Historic Square leaps into digital age

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Steven Lefebvre, the director of Youth and Young Adult Ministries at St. Paul’s Episcopal Church in Murfreesboro, Tenn., works in the comfort of Pa Bunks Grocery on Jan. 10, 2013, in the historice section of downtown. (TMP Photo/B. Mailey)

A trip around Murfreesboro’s historic downtown yields a plethora of shops, restaurants and law offices, but take a closer look.

Notice the older lady on the park bench reading her favorite novel on an Amazon Kindle? How about the Middle Tennessee State University student seamlessly switching between Facebook and a research paper on a MacBook outside of Liquid Smoke? Don’t forget the shoppers meandering about while searching their smartphone apps for deals.   

From iPhones to Androids and iPads to Nooks, smartphones and tablets keep local residents connected to friends, neighbors and coworkers, but only if Internet access is available.

As part of its continued effort to make downtown Murfreesboro a destination hot spot, its Main Street program will soon be adding free Wi-Fi to the Square’s list of amenities.

A nearly $3,000 enhancement was recently approved by the board to improve Wi-Fi availability for use by Square patrons, merchants and pedestrians, said Brian Robertson, Rutherford County’s chief information officer, who is a member of the Main Street board of directors.

By purchasing two additional transmitters, Main Street doubles its Wi-Fi signal, he said.

Currently, only the northeast side of the Square has reception.

“Our goal is to have 100 percent coverage in the Square proper,” Robertson said. “We started this concept a few months ago when the county had purchased the first two units … one in the cupola of the (Rutherford County) Courthouse, and it connects all of the others that will be installed.”

Main Street Executive Director Kathleen Herzog explained how free Internet access continues the program’s mission “to promote, maintain and enhance historic downtown Murfreesboro as the heart of the community.”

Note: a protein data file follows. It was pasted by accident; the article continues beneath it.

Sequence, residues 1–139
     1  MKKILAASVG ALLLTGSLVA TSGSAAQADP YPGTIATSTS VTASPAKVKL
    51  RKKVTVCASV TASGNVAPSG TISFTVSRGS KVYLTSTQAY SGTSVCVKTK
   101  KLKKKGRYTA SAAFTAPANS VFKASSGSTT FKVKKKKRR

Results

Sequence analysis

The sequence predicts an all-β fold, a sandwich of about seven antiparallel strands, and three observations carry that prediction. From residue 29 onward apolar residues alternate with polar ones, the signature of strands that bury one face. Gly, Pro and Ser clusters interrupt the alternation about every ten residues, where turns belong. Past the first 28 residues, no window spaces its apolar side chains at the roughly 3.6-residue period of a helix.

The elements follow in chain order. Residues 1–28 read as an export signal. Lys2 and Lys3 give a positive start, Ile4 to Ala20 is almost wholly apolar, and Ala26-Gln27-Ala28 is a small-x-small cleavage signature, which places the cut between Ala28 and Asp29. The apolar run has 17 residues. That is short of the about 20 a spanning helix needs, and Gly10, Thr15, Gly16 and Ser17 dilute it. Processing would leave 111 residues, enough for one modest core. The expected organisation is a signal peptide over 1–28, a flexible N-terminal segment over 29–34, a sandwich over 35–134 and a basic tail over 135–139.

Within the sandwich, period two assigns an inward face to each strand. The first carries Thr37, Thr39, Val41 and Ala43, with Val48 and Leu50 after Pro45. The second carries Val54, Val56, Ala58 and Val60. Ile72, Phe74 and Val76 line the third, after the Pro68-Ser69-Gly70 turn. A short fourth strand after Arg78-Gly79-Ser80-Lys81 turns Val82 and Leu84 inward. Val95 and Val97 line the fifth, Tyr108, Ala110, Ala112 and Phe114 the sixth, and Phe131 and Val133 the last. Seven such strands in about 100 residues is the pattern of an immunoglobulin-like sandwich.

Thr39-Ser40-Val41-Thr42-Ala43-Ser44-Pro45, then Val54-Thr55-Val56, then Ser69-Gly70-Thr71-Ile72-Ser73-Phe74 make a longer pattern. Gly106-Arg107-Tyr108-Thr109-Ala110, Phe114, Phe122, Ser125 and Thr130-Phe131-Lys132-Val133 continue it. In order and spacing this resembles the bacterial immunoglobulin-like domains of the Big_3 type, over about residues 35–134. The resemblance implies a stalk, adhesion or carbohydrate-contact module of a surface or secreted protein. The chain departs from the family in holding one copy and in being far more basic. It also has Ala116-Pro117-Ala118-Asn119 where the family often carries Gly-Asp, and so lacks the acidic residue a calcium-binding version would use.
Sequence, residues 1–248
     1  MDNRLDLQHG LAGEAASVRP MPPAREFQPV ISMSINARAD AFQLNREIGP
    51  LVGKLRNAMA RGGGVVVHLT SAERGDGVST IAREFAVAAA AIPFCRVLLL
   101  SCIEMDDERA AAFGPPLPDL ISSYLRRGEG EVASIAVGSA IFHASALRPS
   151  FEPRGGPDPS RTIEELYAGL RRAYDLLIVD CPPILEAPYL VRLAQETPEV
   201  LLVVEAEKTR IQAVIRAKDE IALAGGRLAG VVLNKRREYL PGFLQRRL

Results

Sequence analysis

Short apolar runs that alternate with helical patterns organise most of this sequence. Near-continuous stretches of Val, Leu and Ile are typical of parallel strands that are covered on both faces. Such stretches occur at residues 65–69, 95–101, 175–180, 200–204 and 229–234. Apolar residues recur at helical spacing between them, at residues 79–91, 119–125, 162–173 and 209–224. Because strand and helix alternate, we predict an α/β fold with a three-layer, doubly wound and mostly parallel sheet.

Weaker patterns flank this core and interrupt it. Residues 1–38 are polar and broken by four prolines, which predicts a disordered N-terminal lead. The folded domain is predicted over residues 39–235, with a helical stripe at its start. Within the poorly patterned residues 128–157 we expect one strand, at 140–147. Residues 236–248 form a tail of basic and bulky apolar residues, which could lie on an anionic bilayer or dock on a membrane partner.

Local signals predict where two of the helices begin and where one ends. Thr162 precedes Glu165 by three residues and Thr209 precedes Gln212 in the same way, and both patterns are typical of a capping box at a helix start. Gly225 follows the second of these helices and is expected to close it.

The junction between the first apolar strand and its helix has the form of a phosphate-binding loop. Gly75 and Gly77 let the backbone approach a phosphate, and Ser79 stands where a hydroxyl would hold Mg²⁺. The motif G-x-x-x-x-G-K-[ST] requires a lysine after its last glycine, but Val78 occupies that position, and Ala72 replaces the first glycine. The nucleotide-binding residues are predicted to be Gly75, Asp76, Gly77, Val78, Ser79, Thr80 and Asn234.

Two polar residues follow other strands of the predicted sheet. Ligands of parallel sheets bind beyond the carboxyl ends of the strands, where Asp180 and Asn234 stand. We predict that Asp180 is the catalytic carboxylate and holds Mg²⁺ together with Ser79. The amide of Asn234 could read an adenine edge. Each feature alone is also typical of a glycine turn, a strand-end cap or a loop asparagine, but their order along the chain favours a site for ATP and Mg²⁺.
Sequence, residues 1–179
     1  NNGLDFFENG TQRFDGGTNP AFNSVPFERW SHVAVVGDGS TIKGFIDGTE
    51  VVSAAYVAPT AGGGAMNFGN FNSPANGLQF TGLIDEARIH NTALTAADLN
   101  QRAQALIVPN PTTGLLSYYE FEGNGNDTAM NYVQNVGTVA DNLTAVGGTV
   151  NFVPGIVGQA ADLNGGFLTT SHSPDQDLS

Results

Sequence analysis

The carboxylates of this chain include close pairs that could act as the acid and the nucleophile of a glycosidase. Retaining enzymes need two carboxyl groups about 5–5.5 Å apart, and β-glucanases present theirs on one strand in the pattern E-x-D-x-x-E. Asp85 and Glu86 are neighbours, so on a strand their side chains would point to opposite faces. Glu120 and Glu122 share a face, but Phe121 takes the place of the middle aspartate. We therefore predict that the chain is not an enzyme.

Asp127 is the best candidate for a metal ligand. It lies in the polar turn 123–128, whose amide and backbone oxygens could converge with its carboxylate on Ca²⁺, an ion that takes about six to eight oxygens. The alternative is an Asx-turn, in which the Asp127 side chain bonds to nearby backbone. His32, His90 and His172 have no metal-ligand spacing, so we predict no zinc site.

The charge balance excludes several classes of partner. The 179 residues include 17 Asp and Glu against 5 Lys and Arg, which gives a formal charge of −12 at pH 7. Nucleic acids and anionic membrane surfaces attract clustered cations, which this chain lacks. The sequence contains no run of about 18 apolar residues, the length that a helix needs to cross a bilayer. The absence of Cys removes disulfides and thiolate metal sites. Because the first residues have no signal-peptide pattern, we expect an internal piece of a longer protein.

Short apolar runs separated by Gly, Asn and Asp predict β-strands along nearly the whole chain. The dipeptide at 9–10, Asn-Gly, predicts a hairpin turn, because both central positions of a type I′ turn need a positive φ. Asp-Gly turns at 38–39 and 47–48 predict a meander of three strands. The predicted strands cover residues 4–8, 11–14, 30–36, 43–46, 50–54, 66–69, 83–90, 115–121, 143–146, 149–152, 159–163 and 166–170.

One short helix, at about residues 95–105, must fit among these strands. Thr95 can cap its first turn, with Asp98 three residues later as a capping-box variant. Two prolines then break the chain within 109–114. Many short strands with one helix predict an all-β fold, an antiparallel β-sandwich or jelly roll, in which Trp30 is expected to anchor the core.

“We just thought the addition of a Wi-Fi component would be one more plus to our amenities. We’ve got so much else going on down here, we might as well be tech savvy too,” she said. “We want people to come and hang out downtown, and every single person is sort of carrying one of these devices. Just think of how many people can sit on the Square during Saturday mornings at the (farmer's) market. That’s five months of Saturdays.”

The idea for free Wi-Fi was brought up during Main Street’s quest to redesign its website and update its office computers.

“It was kind of a natural conversation that sort of occurred within that promotions committee during a comprehensive evaluation of the ‘whole enchilada,’” Herzog said.

An open, public network will be available year-round, and additional, closed networks will be created during events. Additionally, the free Wi-Fi has been dubbed “Downtown,” but may change to coincide with activities like the annual JazzFest.

Main Street has chosen Meraki has its Wi-Fi provider, which is designed for public-use Internet access.

“Therefore, we have a lot of ability to throttle and manage the capacity of Wi-Fi speed,” Robertson continued. “We can actually have a greater capacity on a weekend than we might for daily traffic. We actually have different speeds or capacities based on various networks IDs, and we can manage that and keep it from encroaching on other traffic the county might have. But it is completely separate from the county’s Internet network.”

While the wireless Internet access is provided and available to anyone on the Square, it is not intended to replace merchants’ individual Internet.

“There are a few Wi-Fi networks on the Square, with most of them inside merchants’ footprints, obviously,” Robertson said. “What we put up will, perhaps, provide better coverage and continuity for someone who is walking about. There is Wi-Fi at PJ’s Pizza, and if you walk out and head to Pa Bunk’s, there’s a black spot right in the middle. Well, the courthouse is right there in the middle, so it will act like a giant antenna.”

Pa Bunk’s Health Market and Café owner Corey Williams provides Wi-Fi that reaches the sidewalk in front of his shop. However, oftentimes, patrons will get a cup of coffee or sandwich to enjoy while sitting at one of the Square’s benches.

“There are lots of nooks and crannies around the Square and the courthouse where you can sit outside on a pretty day,” he said. “This will obviously benefit people who are walking around and cruising the Square too. Most people have (smartphones or tablets), so they could download a song or video while walking around the Square without interruption.”

The Internet servers have been ordered and should be installed before warmer weather arrives, Herzog said.

In the meantime, keep visiting the Square and checking Main Street’s Facebook page for updates.

Read more from:
Business, Main Street Program, Murfreesboro, Rutherford County, Technology
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